Cabernet Sauvignon grapes harvested in October 2015 at Cold Creek Vineyard near the Columbia River’s Hanford Reach area in Washington. Cold Creek is one of Ste. Michelle Wine Estate’s oldest and most prestigious vineyards in the state. (TJ Mullinax/Good Fruit Grower)

Cabernet Sauvignon grapes harvested in October 2015 at Cold Creek Vineyard near the Columbia River’s Hanford Reach area in Washington. Cold Creek is one of Ste. Michelle Wine Estate’s oldest and most prestigious vineyards in the state. (TJ Mullinax/Good Fruit Grower)

The future for the Washington wine industry remains bright, but some headwinds are coming in the near term that could dampen future prospects.

That’s the word from wine economist Chris Bitter of Vintage Economics at the Washington Winegrowers annual conference in Kennewick, Washington, in February.

Chris Bitter, a wine economist of Vintage Economics in Seattle, presented at the Washington Winegrowers annual convention in Kennewick, Washington, on Feb. 12, 2019. (Shannon Dininny/Good Fruit Grower)

Chris Bitter

“The key is to have realistic expectations, and you’re going to need to be very strategic in order to thrive in this type of environment,” Bitter said. “Rapidly evolving markets definitely create opportunities, but you have to be innovative and do your homework to figure out where those opportunities are.”

Wine consumption generally has slowed, which has resulted in excess supply on a global basis.

What has that meant for Washington?

According to the Washington State Liquor and Cannabis Board, packaged wine shipments grew 50 percent, or 4.2 million cases, from 2010 to 2016. Ste. Michelle Wine Estates accounted for 2.6 million cases.

Two key points can be drawn from those figures, Bitter said. One: Washington is heavily reliant on one company for that growth. Two: The state is heavily dependent on out-of-state demand. Out-of-state shipments represented 85 percent of that gain over the time period.

In 2017, total Washington shipments declined 5 percent, a sharp reversal from the annualized 7 percent increase of the previous six years.

The declines showed up in both out-of-state and in-state distribution, while direct-to-consumer sales at the winery were up (that includes both in-state and out-of-state retail sales at the winery).

Preliminary numbers for 2018 show shipments were up 3 percent — still 250,000 cases below the 2016 peak, so Washington has plateaued, he said. In addition, Washington is seeing bifurcation of its industry between its biggest player and the rest of the industry.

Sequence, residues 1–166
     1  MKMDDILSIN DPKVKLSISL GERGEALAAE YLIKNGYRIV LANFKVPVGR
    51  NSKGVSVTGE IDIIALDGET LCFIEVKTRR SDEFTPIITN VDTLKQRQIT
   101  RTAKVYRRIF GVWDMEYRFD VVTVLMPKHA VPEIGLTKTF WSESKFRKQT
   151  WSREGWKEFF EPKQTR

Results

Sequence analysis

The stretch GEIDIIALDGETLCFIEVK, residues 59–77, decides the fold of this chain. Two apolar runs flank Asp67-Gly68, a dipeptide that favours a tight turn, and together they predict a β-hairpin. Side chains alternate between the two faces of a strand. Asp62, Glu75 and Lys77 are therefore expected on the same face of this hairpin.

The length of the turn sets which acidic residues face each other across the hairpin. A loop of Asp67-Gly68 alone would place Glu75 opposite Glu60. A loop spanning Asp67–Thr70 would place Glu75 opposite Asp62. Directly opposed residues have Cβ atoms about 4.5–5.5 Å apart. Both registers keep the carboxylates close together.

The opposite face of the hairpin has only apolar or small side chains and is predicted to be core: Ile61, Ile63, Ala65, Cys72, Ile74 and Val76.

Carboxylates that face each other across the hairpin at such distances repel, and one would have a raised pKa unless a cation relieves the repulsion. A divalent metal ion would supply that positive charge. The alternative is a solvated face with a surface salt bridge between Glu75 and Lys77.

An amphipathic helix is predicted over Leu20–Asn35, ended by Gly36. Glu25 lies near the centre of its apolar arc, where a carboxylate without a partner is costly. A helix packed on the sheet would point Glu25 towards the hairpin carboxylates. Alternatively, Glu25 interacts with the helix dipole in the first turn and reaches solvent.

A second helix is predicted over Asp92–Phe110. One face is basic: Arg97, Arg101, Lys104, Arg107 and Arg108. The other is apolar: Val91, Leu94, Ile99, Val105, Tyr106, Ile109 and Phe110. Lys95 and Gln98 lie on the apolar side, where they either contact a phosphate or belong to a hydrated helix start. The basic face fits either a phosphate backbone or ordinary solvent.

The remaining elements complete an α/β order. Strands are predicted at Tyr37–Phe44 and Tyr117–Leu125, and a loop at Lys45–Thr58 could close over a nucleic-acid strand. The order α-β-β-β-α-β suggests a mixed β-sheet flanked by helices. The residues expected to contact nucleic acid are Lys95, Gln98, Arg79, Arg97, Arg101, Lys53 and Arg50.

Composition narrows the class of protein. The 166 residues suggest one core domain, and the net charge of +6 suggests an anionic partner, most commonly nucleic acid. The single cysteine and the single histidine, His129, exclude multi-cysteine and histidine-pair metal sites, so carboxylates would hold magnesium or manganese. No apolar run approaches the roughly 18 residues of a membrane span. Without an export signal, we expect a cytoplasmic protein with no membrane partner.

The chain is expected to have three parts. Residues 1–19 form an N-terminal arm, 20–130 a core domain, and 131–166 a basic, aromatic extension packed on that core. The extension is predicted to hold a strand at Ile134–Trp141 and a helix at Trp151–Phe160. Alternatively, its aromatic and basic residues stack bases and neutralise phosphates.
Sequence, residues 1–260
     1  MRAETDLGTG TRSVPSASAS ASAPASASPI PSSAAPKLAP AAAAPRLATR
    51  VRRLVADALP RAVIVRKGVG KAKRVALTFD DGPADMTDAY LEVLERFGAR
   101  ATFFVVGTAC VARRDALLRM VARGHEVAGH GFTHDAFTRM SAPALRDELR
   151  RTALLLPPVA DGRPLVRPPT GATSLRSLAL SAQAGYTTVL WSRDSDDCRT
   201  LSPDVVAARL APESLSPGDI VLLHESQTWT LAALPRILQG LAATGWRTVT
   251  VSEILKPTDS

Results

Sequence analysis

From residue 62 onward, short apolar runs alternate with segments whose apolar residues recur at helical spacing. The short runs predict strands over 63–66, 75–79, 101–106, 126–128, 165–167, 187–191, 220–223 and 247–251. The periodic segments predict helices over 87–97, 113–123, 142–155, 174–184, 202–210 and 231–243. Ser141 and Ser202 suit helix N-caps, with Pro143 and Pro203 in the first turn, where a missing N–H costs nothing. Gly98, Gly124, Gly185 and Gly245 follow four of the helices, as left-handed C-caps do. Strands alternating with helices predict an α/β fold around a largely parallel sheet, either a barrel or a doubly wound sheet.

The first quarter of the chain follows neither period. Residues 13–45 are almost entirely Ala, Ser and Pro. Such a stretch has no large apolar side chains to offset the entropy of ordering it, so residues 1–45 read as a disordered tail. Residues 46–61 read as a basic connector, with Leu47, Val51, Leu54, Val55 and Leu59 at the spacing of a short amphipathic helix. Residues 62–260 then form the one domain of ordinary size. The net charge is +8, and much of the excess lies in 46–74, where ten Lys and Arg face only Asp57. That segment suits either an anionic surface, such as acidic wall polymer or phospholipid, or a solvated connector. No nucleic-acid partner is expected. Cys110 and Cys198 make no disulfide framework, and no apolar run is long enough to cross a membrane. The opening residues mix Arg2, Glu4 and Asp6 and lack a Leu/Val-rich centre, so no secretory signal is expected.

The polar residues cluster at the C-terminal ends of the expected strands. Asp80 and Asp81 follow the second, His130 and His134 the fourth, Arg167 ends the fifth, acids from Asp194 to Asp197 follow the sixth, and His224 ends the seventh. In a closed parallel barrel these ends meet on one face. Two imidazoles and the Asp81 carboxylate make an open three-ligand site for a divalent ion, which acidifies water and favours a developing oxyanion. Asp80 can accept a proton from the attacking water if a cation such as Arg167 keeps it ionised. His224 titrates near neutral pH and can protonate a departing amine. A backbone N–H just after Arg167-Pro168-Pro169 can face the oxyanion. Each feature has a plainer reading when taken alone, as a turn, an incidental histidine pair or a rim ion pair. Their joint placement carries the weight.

Ste. Michelle, which represents well over 60 percent of Washington wine shipments, was down 1 million cases from its peak in 2016, while the rest of the industry is up by 750,000 cases over the last two years, he said.

“A lot of the gain in 2018 was due to other wineries in the state,” he said. “The majority of the state’s top 100 wineries recorded solid volume gains.”

Nationally, competition from alternative alcoholic beverages, a focus on a healthier lifestyle, and the millennial generation drinking less wine, together are contributing to a plateau in wine sales, Bitter said. The $11-and-under segment of the market is contracting, which reflects why Ste. Michelle shipments are down, but premium and higher-priced segments of the market continue to do well.

The overall economic outlook for 2019 is for a modest slowdown — a moderating economy, not a recession, though experts say a recession is coming, he said. With a trade war, political gridlock in the U.S. and a slowing global economy, the risks are clearly to the downside.

“We have the second-longest economic expansion on record, and an unemployment rate somewhere near a 50-year low,” he said. “It’s hard to squeeze additional growth, so we’re going to see a recession at some point.”

For the wine industry, that means retail sales should continue to be the sweet spot, though there will be intensifying competition in every segment. “We have a strong dollar, excess global supply, which means more pressure from imports,” he said.

Washington had an explosion of satellite tasting rooms open in the last few years; as of 2018 year-end, there were 233 active additional location licenses in the state, with 40 issued in 2018 alone. More locations equal more competition for direct-to-consumer dollars.

In the grape market, growers have planted for strong demand, but now there’s an oversupply. Ste. Michelle, in particular, has cut back on some of its contracts; going forward, the outlook depends heavily on fortunes there.

“If they’re not expanding and taking on more grapes, the rest of the industry simply isn’t big enough to take up the slack,” he said. The company has the best value for the price and he expects to see their shipments turn around, “but these things take time,” Bitter said.

During a panel discussion, winemaker Wade Wolfe noted he’s seen at least three to four economic cycles such as this in his 30 years in business in Washington. In the late 1980s to early ’90s, growers replaced a lot of white varieties with red varieties. Then, in the late ’90s, there was an overabundance of Merlot.

“We adjusted to that. I’m very optimistic we will come through this as well. It’s a perennial cycle,” he said. “It inspires innovation to come out of it.”

When asked about the threats from competitive products, such as cannabis, and the fact that the millennial generation is drinking less wine, grower and winery owner Patrick Rawn said he doesn’t see wine and cannabis as interchangeable. And whether millennials will later evolve into wine consumers remains to be seen.

“They are not brand loyal. They also are not product loyal, and that creates risk. But it also creates opportunity for innovation and to deliver wine and the product where they choose to consume it in a different way,” Rawn said. •

—by Shannon Dininny

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